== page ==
Modern Kings And Peasants

In our traditional stories, the King is almost always depicted as a good man who has his people's interests in mind, he is maybe a little bit naive, but ultimately benevolent. It's almost never a queen, and if it is, she's usually evil; only princesses are good in their faithful subservience to their mighty fathers, and their sole responsibility is to wait and hope for a good and handsome prince to ask for her hand in matrimony.


source: Wikipedia

Yes, the patriarchy is real and the sex of the glass ceiling is male. And no, kings are not benevolent, don't care about "their" peoples and are certainly not naive; they make use of the knowledge and expertise combined in an entire subservient class of advisers, lawyers and currently even the lawmakers, and use that knowledge and the laws to not change anything, and they use their sizable platforms to maintain the people's belief in the status quo that serves them so well. The aforementioned stories are a significant part of their strategy and is willfully repeated over and over again, not just in fiction, but in documentaries and on the news, where today's kings, the billionaires who own the means of production, are depicted as the benevolent class who donate significant parts of their wealth to the charities of their choice.

That's all bogus of course, quite literally a bunch of fairy-tales. The reality brought about by our overarching belief in the for profit system that created our modern kings, is not so much a fairy-tale but a nightmare. A couple of years ago the yearly Oxfam report on the world's wealth distribution concluded that the world's 62 wealthiest individuals owned more wealth than the bottom half of the world's population; that's 62 people owning more than 3.5 billion people. There's no rational, religious or moral argument anyone can make to defend that reality; the problem is that no one has to, because we believe so deeply in the stories we tell each other. We never got rid of the king, and we're fine with it. Here are some more ways to visualize and make real the gross distribution on wealth, straight from Oxfam's latest 2020 report called "Time to Care", that also shows how sexism and patriarchy are strong factors in said distribution:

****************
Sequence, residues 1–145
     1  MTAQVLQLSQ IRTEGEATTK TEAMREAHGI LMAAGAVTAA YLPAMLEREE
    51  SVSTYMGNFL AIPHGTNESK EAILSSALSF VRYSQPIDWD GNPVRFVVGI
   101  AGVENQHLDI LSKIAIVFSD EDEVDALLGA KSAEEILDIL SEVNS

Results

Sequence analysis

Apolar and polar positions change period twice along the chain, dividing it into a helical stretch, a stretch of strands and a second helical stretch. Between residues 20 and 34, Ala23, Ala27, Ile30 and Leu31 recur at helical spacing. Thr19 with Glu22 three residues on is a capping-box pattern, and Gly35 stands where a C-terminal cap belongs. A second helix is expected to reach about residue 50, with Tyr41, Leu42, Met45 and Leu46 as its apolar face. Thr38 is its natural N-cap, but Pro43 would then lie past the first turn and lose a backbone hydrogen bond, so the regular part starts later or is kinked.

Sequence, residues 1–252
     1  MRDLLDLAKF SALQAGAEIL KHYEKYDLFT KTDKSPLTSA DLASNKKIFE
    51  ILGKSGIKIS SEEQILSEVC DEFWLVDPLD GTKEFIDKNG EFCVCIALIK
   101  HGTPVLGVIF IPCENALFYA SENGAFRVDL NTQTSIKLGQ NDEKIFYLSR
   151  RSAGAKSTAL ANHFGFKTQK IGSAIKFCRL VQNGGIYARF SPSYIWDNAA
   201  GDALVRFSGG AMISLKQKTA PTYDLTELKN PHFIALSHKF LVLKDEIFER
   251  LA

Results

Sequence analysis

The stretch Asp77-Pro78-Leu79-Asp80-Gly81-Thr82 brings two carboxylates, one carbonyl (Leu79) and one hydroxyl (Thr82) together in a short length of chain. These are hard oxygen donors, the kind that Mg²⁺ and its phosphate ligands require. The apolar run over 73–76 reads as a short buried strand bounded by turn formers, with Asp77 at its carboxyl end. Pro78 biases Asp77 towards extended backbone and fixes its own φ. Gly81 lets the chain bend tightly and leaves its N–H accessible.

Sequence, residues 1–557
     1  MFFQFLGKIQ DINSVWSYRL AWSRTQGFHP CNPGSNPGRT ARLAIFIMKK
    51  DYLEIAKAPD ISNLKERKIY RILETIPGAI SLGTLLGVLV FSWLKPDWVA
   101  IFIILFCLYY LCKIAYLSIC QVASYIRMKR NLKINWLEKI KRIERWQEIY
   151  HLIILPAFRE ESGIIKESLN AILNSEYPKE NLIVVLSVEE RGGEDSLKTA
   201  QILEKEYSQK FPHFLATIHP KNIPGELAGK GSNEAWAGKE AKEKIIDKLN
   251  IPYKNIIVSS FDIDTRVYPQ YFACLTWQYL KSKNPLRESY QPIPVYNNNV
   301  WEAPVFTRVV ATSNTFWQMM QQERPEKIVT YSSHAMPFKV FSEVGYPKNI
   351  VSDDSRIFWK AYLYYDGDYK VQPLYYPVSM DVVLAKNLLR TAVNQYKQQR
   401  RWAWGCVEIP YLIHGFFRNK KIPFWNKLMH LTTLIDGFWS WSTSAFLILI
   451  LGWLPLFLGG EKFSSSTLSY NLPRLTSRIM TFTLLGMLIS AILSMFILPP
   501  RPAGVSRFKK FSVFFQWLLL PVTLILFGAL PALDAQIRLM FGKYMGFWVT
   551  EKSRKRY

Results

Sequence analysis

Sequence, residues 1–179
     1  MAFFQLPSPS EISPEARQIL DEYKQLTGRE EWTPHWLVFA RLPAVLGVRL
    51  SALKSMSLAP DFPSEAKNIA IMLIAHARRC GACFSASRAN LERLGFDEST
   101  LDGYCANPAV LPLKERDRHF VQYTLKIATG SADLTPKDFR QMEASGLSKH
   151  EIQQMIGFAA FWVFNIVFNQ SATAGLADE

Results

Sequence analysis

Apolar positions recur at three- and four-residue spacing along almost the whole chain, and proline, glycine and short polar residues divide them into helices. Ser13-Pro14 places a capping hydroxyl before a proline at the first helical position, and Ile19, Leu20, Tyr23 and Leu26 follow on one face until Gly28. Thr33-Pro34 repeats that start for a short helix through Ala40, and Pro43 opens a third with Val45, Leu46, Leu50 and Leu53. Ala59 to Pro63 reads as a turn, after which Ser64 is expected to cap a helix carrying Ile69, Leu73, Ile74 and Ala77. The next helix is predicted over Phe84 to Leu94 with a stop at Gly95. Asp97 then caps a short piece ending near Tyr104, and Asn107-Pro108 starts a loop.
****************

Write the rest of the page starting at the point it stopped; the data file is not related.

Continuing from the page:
1. The richest 1% in the world have more than double the wealth of 6.9 billion people

The world's richest 1% have more than twice as much wealth as 6.9 billion people.

Among that 1% are the world’s 2,153 billionaires, who in 2019 had more wealth than 4.6 billion people.

Oxfam has calculated that to amass even a fifth of the average fortune of the world’s five richest billionaires, you would need to have saved $10,000 a day since the building of the pyramids in Egypt.

In reality, almost half the world’s population lives on less than $5.50 a day, according to World Bank estimates.

2. The world’s richest 22 men have more money than all the women in Africa

The combined wealth of the world's 22 richest men is more than the wealth of all the women in Africa.

And Africa is a big continent.

Oxfam has worked out that if the world’s two richest men sat on their wealth piled up in $100 bills, they’d be in outer space.

Compare that to middle-class people in rich countries, who would be sitting at chair height. The vast majority of people would be sitting on the floor.

3. Women and girls put in 12.5 billion hours of unpaid work every day

From fetching firewood and water, so they can clean and cook for the male breadwinner, to looking after children and the elderly, women often bear the burden of essential unpaid work, says Oxfam.

4. Women’s unpaid care work has a monetary value of $10.8 trillion a year

The monetary value of unpaid care work globally for women aged 15 and over is at least $10.8 trillion annually - three times the size of the world's tech industry.

5. Taxing an extra 0.5% of the wealth of the richest 1% could help massively

According to Oxfam, if governments were to increase taxation on the wealthiest 1% for the next 10 years, that would be the equivalent to creating 117 million care jobs in education, health and elderly care and other sectors, to close care deficits.
source: World Economic Forum

Follow the link if you're interested in reading the entire article. If the injustice and immorality spawned by our current economic system isn't quite clear yet, look no further than the below linked video in which the behavior of a modern day king is juxtaposed against the reality of the poorest among us during this time of universal need.

Krystal and Saagar: Billionaire flaunts yacht as hundreds line up for food, sleep in parking lots

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